Throw Back Thursday – MARTA Tax Increase Edition

That day in 2016 when Mark Toro, the developer who has built more apartments in Alpharetta than anyone else over the last ten years, begged Georgia State Senators to raise MARTA sales taxes on the people of Alpharetta by 50% because it would be good for his business.

I testified that the MARTA sales tax increase would be horrible for the people of Alpharetta. Fortunately for the people of Alpharetta I prevailed.

MARTA Tax Increase Hearing copy

 

Transportation follies continue

The third act of Georgia’s transportation tax follies began this week as the planning director of the Department of Transportation, Todd Long, announced his list of projects which could be funded with the tax increase. If passed by voters, Metro Atlanta taxpayers will be expected to pay an additional 8 Billion Dollars over the next ten years. With this week’s release of potential projects the state has winnowed the list down to a mere $23 Billlion. But since 23 Billion is nearly 300% of what can be expected from taxpayers the rest of the cuts will have to come from that master of efficiency known as a government committee.

The AJC has an article about this most recent revision of the transportation project list and you can read the whole thing here. Below are a few of the highlights:

A group of 21 local elected officials must take those $22.9 billion worth of projects and jettison about $15 billion of them, because the penny tax would raise only about $8 billion over its 10 years

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For  the moment, this is it: $14 billion worth of transit projects, $8.6  billion worth of road projects, $205 million in sidewalk and bicycle  projects, and $28 million for aviation.

Long emphasized that the  $14 billion price tag for all the transit was just a reflection of the  high cost of new transit capital projects, not his opinion on how much  the region should spend on such projects.

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Bodker (Johns Creek mayor) is ambivalent about the idea of Ga. 400 transit. While he favors transit, he said it has to be the right project, a sustainable one, so he’d like to see it studied first.  MARTA staff did not put the project on the agency’s list because of the difficulty and expense of crossing the Chattahoochee River to get to the next jobs center, staff members told their board.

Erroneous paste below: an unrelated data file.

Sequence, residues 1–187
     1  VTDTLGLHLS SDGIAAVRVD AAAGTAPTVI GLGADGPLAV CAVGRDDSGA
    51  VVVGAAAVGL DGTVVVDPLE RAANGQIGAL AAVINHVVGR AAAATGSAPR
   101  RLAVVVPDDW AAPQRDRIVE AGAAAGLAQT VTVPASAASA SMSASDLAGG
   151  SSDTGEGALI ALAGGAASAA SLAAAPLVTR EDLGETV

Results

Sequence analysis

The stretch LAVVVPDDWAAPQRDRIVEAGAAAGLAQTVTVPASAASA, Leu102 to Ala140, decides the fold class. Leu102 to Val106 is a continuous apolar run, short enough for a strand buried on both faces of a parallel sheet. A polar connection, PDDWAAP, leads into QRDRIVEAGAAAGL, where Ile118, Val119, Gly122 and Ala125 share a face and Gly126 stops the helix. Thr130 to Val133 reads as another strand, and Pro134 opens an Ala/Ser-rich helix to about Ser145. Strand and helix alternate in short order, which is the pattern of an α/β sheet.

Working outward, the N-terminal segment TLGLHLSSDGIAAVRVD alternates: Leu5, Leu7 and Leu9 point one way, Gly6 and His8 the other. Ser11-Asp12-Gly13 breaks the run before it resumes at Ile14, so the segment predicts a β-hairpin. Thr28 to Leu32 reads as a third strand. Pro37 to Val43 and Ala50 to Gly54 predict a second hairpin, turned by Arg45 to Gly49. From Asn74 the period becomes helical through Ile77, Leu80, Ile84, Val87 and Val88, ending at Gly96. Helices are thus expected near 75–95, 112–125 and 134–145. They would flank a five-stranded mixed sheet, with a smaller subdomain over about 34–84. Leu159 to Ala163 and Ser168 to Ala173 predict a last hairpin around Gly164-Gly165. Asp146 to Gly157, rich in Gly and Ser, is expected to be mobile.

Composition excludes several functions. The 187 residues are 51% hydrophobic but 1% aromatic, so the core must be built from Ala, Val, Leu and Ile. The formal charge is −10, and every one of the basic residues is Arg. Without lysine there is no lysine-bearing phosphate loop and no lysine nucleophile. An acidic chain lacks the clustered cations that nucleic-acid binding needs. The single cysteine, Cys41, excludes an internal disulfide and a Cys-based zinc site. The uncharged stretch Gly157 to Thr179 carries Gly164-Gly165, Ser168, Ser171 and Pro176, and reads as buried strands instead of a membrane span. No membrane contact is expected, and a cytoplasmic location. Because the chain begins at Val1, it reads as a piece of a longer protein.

But other officials in north Fulton favored putting the $839 million line on the list, Long said.

So the director of planning added an $839 million MARTA train extension to Roswell because “other officials in North Fulton” favored it. I can’t imagine who those other officials  might be.

The MARTA train is projected to cost 10% of all the money collected from every taxpayer in the metro Atlanta area over ten years and wasn’t even requested by the people of Roswell. That is the kind of decision making which will doom this entire transportation tax boondoggle.

I am starting to believe that the tax increase is doomed. And while I never thought the tax increase was a good idea, it is sad that the state will have wasted two years by the time voters make it official.

AJC: “Cherokee could be tough sell on transit vote”

The latest edition in the AJC’s ongoing series about the upcoming vote to increase Georgia’s sales tax explores the reaction in Cherokee County. I will post some highlights below but you should read the whole thing here.

But it’s an open question whether using part of the transportation tax for mass transit somewhere else in the region might be a lightning rod for residents in the distant suburbs, including Cherokee.

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A public-private project to add toll lanes to I-75/I-575 in Cobb and Cherokee counties could wind up on the final list of projects the tax would fund.

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“People in our group will actively oppose it,” he said. “We think the government needs to back off and let this economy recover a little bit first.”

The snippets above illustrate three of the biggest challenges facing the state of Georgia and the various Chambers of Commerce which are pushing the tax increase.

First, the majority of urban dwellers won’t vote for higher taxes to pay for roads while the majority of suburban dwellers won’t vote for higher taxes to pay for mass transit they won’t use. Watching tax increase advocates attempt to convince both groups they will get what they want should be entertaining.

Second, will taxpayers vote for higher taxes to build toll roads that will take even more money out of their pockets? I can’t speak for Cherokee County residents but based on our experience with the false promises about GA 400 tolls in Fulton County I personally wouldn’t make that mistake again.

Third, the U.S. economy is in the tank so is it really the time to take more money from people suffering from 10% unemployment, sinking property values and rampant inflation for food and gas? I think politicians are underestimating how sick taxpayers are of being asked to did deeper and deeper for more taxes regardless of how good the cause.

There are a lot of politicians, consultants, lobbyists and developers dedicated to passing this tax increase and don’t doubt for a minute that they will do whatever it takes to get it passed. They will also promise gullible voters anything to get their vote so don’t forget my maxim when it comes to tax increases,”Once you vote to give the government your money they will do with it what they damn well please.”